Thursday, December 30, 2010
Written by Chad
Roosters are jerks. They do nothing but strut around, looking all pretentious and self-obsessed. They're kind of like locker room jocks who might slap you with a towel and call you four-eyes. I'll be sound asleep, dreaming about electricity and running water, and suddenly at 3:25 AM a rooster yells, "WAKE UP! SLEEP IS FOR THE WEAK, YOU PANSY!" Then all his rooster frat boy friends around the village crow in response, "YEAH, I'VE BEEN AWAKE THIS WHOLE TIME! I'M TOO MANLY TO SLEEP." It's difficult for us to tolerate their immature behavior, but I know that it stems from each rooster's insecurity and need to belong.
By day, the music of the great outdoors is as predictable as the animal sounds in "Old McDonald Had A Farm." We hear the grunting of passing pigs. We hear what sounds like a wheelbarrow with a squeaky wheel- it's just guinea hens squawking and pecking in the trash pile.
But, by night, unidentifiable creaks, scratches, and movements come from all directions. By night, were convinced that the universe is out to get us. Within our five-room home, we find special solace and safety within our fortress of solitude, a yellow mosquito net canopied over top the bed. Flashlights in hand, we huddle close and wait out the savage sounds of the wild threatening to invade our sanctuary. At the unholiest of hours, chirping bats fling themselves against our metal roof and bleating goats ram against our front door. Perhaps they're scratching their backs, but more likely, they're plotting to break in and eat us alive. We know your game, Mother Nature.
Our latrine happens to be on the opposite side of the courtyard from us, so on any given midnight potty run, we must open the front door to our porch, which is also the door to the goats' bedroom. They awaken and frantically disperse from the porch. It's equally startling to see them on the way back from the latrine, floating through the courtyard like horned ghosts, glaring begrudgingly. I don't think they've warmed up to us yet, because these are the very goats who try every day to eat the straw off of the porchside lattice. There's just no room for diplomacy with an army of hungry goats.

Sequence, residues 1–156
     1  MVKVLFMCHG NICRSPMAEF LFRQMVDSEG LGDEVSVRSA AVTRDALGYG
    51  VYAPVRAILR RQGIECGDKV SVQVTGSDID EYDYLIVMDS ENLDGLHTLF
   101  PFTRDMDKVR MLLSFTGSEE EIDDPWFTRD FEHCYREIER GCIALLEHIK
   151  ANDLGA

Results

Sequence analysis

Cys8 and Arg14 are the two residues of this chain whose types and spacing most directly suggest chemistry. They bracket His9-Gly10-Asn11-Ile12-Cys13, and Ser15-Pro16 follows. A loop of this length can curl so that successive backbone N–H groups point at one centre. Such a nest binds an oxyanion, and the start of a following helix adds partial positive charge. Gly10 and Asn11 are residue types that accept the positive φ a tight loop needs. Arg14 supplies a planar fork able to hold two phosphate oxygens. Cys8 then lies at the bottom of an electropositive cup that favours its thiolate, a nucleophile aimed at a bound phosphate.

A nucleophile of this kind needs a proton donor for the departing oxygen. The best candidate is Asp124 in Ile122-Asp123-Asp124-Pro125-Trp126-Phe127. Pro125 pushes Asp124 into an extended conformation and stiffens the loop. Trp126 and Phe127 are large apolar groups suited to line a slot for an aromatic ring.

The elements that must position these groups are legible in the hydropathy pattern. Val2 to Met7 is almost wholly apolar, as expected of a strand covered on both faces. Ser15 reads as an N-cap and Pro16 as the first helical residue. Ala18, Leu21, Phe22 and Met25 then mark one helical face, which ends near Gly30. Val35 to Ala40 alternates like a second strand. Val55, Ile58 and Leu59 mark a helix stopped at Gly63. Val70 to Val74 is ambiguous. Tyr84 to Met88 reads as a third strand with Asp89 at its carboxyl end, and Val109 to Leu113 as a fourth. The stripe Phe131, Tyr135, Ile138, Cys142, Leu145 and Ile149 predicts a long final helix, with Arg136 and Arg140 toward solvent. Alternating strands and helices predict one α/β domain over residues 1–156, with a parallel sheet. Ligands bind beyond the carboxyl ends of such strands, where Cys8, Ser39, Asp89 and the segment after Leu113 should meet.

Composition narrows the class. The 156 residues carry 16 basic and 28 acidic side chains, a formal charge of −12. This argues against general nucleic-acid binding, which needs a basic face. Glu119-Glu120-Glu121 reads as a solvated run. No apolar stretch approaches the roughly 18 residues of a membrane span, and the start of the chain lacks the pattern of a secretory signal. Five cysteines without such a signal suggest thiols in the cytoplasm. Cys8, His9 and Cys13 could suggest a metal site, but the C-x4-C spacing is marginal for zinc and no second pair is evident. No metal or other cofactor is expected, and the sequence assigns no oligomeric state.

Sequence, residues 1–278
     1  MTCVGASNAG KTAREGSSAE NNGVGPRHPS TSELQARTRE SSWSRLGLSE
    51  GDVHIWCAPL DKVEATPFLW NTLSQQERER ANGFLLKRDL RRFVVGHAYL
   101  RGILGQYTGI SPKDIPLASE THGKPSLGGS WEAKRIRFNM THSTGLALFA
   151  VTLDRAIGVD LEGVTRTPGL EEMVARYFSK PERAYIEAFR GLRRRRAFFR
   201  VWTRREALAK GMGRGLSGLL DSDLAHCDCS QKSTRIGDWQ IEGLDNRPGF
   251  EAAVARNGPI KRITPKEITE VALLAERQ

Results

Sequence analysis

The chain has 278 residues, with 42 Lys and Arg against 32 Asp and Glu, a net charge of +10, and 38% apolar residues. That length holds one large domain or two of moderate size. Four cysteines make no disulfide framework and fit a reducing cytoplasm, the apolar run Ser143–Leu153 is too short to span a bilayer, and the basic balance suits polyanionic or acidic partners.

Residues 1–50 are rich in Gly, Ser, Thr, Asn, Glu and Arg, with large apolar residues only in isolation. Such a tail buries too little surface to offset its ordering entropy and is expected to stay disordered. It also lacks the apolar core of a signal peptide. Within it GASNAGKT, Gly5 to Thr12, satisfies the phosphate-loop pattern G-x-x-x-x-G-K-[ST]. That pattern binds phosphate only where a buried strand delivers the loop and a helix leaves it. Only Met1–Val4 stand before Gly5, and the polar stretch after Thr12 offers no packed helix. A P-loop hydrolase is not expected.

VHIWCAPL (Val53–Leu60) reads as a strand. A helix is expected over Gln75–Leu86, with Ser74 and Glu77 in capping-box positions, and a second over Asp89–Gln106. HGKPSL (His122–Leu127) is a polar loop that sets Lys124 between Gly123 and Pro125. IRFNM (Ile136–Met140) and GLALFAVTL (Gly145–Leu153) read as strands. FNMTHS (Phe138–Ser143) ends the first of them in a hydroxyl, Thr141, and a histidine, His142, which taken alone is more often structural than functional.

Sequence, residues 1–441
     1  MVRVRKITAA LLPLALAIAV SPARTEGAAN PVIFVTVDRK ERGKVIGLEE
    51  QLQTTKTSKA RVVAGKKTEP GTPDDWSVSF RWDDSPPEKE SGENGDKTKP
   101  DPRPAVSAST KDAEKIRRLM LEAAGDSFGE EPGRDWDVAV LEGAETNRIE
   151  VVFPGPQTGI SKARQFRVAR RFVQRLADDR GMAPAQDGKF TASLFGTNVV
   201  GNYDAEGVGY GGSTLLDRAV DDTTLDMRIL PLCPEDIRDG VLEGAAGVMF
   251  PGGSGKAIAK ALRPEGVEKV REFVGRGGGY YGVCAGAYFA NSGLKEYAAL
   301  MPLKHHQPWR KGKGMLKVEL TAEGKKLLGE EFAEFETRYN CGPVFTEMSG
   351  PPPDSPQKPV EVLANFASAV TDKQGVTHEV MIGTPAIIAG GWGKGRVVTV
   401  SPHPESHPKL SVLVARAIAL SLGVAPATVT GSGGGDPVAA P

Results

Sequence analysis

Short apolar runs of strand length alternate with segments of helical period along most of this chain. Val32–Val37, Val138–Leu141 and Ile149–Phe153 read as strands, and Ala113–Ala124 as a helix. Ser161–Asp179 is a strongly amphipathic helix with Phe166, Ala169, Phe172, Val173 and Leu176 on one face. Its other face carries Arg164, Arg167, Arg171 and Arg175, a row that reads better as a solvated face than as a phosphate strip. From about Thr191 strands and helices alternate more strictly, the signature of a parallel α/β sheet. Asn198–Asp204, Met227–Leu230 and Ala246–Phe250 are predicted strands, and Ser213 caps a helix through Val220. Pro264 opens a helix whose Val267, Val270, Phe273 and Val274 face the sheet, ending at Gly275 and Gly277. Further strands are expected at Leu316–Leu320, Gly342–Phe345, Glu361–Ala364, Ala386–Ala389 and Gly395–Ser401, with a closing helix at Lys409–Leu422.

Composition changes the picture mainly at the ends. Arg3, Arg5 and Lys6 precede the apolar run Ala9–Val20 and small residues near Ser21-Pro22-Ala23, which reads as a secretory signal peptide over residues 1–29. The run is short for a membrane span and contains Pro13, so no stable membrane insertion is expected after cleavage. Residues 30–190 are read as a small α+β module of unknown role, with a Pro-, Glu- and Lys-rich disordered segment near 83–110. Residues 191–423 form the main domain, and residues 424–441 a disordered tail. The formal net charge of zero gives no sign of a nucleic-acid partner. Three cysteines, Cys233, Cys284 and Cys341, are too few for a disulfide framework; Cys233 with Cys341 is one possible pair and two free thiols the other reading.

Good news, though. I'm thinking I can deter their armies' advances in the disputed porch territory by spraying Rambo everywhere (Rambo is Burkina's own all-purpose ddt-laced insecticide. It smells awful). If our ongoing war with the goats reaches a ceasefire, we won't have to continue greeting the day each morning by sweeping their droppings off our welcome mat.
Each morning, we never set an alarm because in the wintry 70-degree weather, village children in Eskimo coats and earmuffs make fires in the trash pile that is only three meters from our bedroom window (that's about ten feet for those of you who still refuse to switch to metric). Many of these children for some reason have those little party favor kazoos. The limited repertoire of toys around our village means that children make the most of what they have. So, they blow liberally on their kazoo thingies, filling our ears with wake-up music as the carcinogenic smoke from their trashpile fills our lungs with lifespan-reducing chemicals.
As a passerby, the smell of burning garbage, like it or not, will often waft into your nostrils. It's unmistakable. It's emblazoned into your nasal cavity. If you endure this odor enough times as I have, you'll be able to conjure it up anytime at your beckon call, helping you lose your appetite, even faced with a hot plate of your favorite food. This could be a useful skill, I think--losing one's appetite on command--kind of like how a talented actor can make himself cry if he wants to... Hm, I lost my train of thought...
Oh, yeah, I meant to tell you- since there are no laws against littering in Burkina, these trashpiles are everywhere. The take-home message of this is that anytime, anywhere, you can drop your juicebox immediately after you finish it. In fact, it's encouraged! Finished with that diaper? Drop it on the sidewalk. Done with that nuclear waste? Just throw it out the bus window. You get the idea. Sure, it's any easy concept to grasp, but in practice, I'm still a dude with twenty-four years of goody-goody conditioning in middle-class America.
I had eaten the granola bar, yet the wrapper remained in my clenched fist. My mind said, "Drop it! When in Rome!" But my hand said, "No, let's wait for a trashcan. Littering kills baby ducklings and causes, like, global warming and cancer and stuff." Fifteen minutes later, I was still walking around the market in search of a trashcan- there were none to be found. My hand gripping the granola wrapper, sweat dripping down, I suddenly believed everyone was staring at me, whispering about me, "Why won't he drop his granola wrapper? What's wrong with that man?" I swallowed my fears and decided to loosen my hand muscles... but how to do it? Should I triumphantly heave the wrapper at the pavement? Too melodramatic... Should I ashamedly stash it my pocket so I can privately dispose of it at home? Don't be a chicken... Should I pretend to scratch my leg and "accidentally" drop it? I just can't do it... I looked at the empty wrapper in my palm and looked at Tana. "Hey! Want the rest of my granola bar?" I handed it to her and took off running.
Table of Contents
- ► 2012 (13)
- ► 2011 (27)